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Fowler v. State

Florida Court of Appeals, First District

September 13, 2017

BILLY JOE FOWLER, Appellant,
v.
STATE OF FLORIDA, Appellee.

         NOT FINAL UNTIL TIME EXPIRES TO FILE MOTION FOR REHEARING AND DISPOSITION THEREOF IF FILED

         An appeal from the Circuit Court for Okaloosa County. William F. Stone, Judge.

          Andy Thomas, Public Defender, Lori A. Willner, Assistant Public Defender, Tallahassee, for Appellant.

          Pamela Jo Bondi, Attorney General; Daniel R. Krumbholz and Thomas H. Duffy, Assistant Attorneys General, Tallahassee, for Appellee.

          JAY, J.

         The issue presented is whether the trial court erred when, during a violation of probation hearing, it held as a matter of law that by its imposing a suspended sentence in conjunction with modifying Appellant's probationary period, it lacked the discretion to also withhold adjudication of guilt. For the following reasons, we disagree and reverse.

         On August 14, 2015, Billy Joe Fowler, Jr. ("Appellant"), entered a plea to child neglect without causing great bodily harm and was placed on probation for three years. By corrected order entered on September 18, 2015, the trial court directed that adjudication be withheld.

         In January 2016, Appellant was charged with violating his probation. The trial court again ordered that adjudication be withheld when it modified Appellant's probation as a consequence of the violation.

         In March 2016, Appellant violated his probation yet again. At the violation of probation hearing, he entered into a negotiated plea agreement whereby his probation was extended an additional thirty months and included the following conditions: electronic monitoring for six months, mandatory attendance at weekly Alcoholics Anonymous meetings, anger management classes, and "24 months DOC susp[ended]." At the hearing, Appellant asked the trial court for a third time to withhold adjudication of guilt. The judge ruled it could not impose a suspended sentence without adjudicating Appellant guilty, explaining: "I've sentenced him to prison and just suspend[ed] it. So I can't do that. It's not lawful."

         Appellant pressed his case for a withhold of adjudication at the subsequent plea colloquy hearing, where his counsel pointed out that the court was not imposing a sentence, but rather, was placing Appellant on probation and suspending the sentence. Counsel asserted, "That is completely different than imposing a sentence." The trial court announced it had made its ruling and had "made it clear" that it "must adjudicate [Appellant] if the Court is to impose a suspended sentence." It determined that it "lack[ed] discretion to continue to withhold" while imposing a suspended sentence.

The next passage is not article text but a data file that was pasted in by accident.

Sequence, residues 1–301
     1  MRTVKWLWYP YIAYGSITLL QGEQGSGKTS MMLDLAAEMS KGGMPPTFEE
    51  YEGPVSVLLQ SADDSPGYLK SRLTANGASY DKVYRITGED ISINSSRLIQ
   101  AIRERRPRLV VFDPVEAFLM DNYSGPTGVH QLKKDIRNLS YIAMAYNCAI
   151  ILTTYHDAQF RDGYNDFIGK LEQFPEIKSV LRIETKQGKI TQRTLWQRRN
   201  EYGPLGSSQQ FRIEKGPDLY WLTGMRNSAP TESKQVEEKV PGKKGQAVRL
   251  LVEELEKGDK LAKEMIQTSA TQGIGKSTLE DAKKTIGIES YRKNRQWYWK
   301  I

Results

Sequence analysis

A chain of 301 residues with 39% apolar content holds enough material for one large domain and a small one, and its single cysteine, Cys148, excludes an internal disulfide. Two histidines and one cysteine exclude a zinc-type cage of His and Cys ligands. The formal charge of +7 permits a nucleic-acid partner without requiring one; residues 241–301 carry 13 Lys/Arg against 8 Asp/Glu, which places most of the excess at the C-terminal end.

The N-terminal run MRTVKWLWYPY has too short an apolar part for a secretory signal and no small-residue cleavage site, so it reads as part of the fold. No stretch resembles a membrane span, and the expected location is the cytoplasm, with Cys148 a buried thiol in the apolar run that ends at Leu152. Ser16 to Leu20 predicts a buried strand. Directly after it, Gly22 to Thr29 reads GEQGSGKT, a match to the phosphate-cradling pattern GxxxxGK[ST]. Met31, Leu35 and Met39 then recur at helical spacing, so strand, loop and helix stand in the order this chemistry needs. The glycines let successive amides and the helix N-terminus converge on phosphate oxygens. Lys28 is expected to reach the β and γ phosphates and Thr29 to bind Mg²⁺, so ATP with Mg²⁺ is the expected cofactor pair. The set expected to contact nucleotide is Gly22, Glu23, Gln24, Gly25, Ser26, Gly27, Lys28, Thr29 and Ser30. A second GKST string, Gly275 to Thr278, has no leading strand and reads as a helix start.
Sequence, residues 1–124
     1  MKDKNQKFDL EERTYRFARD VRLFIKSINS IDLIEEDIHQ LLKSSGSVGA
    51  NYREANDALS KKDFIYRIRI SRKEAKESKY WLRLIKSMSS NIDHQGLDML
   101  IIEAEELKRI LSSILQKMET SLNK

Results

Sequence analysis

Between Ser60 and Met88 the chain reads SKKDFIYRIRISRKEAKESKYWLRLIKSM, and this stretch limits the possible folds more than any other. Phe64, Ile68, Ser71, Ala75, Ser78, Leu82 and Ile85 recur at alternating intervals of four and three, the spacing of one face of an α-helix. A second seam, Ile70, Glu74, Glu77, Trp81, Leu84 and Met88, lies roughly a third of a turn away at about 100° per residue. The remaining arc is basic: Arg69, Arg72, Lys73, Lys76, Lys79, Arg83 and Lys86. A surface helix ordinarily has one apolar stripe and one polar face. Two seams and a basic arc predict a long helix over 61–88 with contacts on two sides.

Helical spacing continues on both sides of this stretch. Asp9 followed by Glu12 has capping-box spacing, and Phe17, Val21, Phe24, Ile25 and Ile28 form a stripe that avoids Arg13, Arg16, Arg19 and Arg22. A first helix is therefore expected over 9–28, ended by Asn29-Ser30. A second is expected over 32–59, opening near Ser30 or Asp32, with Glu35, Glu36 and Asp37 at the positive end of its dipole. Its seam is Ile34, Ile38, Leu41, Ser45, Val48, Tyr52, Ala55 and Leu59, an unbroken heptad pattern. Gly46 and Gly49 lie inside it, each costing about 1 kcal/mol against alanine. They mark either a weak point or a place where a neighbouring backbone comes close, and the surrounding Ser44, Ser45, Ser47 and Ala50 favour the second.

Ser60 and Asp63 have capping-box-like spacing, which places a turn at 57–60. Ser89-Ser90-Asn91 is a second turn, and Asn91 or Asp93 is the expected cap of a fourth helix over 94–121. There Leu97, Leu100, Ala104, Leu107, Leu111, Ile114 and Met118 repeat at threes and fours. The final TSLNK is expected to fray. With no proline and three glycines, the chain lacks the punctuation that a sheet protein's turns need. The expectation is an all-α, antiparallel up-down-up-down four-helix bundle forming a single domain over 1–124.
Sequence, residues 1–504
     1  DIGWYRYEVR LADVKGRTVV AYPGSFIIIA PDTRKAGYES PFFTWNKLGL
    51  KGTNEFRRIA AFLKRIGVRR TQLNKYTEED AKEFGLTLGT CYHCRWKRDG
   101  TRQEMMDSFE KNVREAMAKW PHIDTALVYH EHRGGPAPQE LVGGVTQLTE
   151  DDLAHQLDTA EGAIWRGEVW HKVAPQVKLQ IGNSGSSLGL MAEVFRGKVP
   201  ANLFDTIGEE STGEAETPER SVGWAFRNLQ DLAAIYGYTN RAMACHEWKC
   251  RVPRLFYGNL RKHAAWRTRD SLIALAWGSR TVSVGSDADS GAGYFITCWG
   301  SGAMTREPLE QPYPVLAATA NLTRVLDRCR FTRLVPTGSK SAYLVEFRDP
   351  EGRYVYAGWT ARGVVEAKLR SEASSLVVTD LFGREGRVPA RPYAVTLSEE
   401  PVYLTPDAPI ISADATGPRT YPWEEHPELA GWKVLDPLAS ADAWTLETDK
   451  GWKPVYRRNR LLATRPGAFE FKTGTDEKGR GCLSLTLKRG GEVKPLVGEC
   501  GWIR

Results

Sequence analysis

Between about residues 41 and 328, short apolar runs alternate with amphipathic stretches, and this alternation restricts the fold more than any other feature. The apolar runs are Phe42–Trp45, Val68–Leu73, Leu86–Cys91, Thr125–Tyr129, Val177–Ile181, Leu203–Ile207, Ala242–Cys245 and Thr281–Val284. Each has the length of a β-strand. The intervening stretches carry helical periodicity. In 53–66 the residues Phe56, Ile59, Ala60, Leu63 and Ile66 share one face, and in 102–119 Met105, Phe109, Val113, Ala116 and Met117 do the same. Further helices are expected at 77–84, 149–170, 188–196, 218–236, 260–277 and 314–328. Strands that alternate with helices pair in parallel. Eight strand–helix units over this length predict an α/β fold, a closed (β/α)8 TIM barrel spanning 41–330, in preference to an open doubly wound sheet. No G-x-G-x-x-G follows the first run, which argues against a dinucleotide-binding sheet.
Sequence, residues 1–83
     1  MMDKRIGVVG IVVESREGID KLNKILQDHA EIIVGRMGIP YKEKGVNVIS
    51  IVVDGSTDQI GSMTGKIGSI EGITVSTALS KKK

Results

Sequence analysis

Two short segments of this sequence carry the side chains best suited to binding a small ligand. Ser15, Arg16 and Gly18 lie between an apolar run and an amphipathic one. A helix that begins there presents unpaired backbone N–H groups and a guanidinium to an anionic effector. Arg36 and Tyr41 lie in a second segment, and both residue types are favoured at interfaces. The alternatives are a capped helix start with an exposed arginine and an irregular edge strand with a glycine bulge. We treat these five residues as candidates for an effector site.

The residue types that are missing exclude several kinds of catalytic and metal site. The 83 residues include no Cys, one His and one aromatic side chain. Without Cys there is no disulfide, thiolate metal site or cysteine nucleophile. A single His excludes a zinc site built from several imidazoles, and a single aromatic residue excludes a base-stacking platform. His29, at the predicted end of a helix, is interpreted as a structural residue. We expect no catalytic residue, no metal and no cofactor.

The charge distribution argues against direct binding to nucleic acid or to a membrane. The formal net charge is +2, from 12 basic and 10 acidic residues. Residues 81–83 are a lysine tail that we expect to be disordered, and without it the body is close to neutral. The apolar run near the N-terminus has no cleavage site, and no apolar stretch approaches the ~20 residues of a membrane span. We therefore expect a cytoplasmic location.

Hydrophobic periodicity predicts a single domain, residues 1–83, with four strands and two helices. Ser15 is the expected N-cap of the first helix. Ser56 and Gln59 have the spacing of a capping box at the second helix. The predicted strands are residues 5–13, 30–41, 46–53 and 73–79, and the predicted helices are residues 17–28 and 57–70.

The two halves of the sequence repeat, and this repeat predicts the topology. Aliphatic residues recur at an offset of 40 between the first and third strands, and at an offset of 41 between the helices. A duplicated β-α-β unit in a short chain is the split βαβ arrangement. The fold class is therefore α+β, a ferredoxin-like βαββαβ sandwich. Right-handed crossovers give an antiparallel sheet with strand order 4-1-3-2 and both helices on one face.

On appeal, Appellant challenges the notion that a suspended sentence is the equivalent of an actual prison sentence for purposes of adjudication of guilt. As Appellant rightly acknowledges, there are no cases directly on point, but analogous case law and relevant statutory directives guide us to conclude that the trial court did have the discretion to withhold adjudication even while imposing a suspended sentence under the present circumstances.

         We begin our analysis with the general proposition that a probationary period "is not a 'sentence.'" State v. Summers, 642 So.2d 742, 744 (Fla. 1994) (citing Villery v. Fla. Parole & Prob. Comm'n, 396 So.2d 1107)); see also Landeverde v. State, 769 So.2d 457, 462 (Fla. 4th DCA 2000). Furthermore, under the terms of section 948.01(2), Florida Statutes (2014), the trial court, "in its discretion, may either adjudge the defendant to be guilty or stay and withhold the adjudication of guilt. In either case, the court shall stay and withhold the imposition of sentence upon the defendant and shall place a felony defendant upon probation." The trial court also has the option provided in Section 948.012, Florida Statutes (2014), to impose a split sentence of probation or community control and imprisonment. As authorized by the legislature in section 948.012:

(2) The court may also impose a split sentence whereby the defendant is sentenced to a term of probation which may be followed by a period of incarceration . . . as follows:
(a) If the offender meets the terms and conditions of probation or community control, any term of incarceration may be modified by court order to ...

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